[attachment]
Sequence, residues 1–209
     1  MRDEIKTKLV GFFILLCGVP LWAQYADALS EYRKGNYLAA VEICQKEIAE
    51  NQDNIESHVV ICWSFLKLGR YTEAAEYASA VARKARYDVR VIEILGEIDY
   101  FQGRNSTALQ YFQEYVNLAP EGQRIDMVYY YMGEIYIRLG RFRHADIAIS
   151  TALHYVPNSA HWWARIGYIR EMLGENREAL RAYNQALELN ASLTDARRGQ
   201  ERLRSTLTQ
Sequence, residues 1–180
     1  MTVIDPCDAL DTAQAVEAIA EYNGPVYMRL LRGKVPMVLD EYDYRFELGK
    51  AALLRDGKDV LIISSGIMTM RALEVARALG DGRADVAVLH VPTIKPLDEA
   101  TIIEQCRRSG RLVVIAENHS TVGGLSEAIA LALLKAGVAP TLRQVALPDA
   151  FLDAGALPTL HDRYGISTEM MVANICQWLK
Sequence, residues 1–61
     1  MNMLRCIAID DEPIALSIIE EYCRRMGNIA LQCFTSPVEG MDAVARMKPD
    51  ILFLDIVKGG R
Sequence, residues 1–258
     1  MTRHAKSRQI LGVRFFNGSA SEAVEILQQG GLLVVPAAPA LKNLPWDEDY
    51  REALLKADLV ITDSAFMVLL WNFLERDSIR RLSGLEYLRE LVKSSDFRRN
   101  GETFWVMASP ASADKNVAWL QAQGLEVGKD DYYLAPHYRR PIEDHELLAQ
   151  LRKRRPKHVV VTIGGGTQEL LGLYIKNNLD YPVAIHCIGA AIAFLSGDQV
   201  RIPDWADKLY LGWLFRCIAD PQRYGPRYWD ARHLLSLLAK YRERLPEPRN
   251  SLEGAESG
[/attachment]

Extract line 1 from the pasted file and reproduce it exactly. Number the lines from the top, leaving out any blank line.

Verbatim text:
Sequence, residues 1–209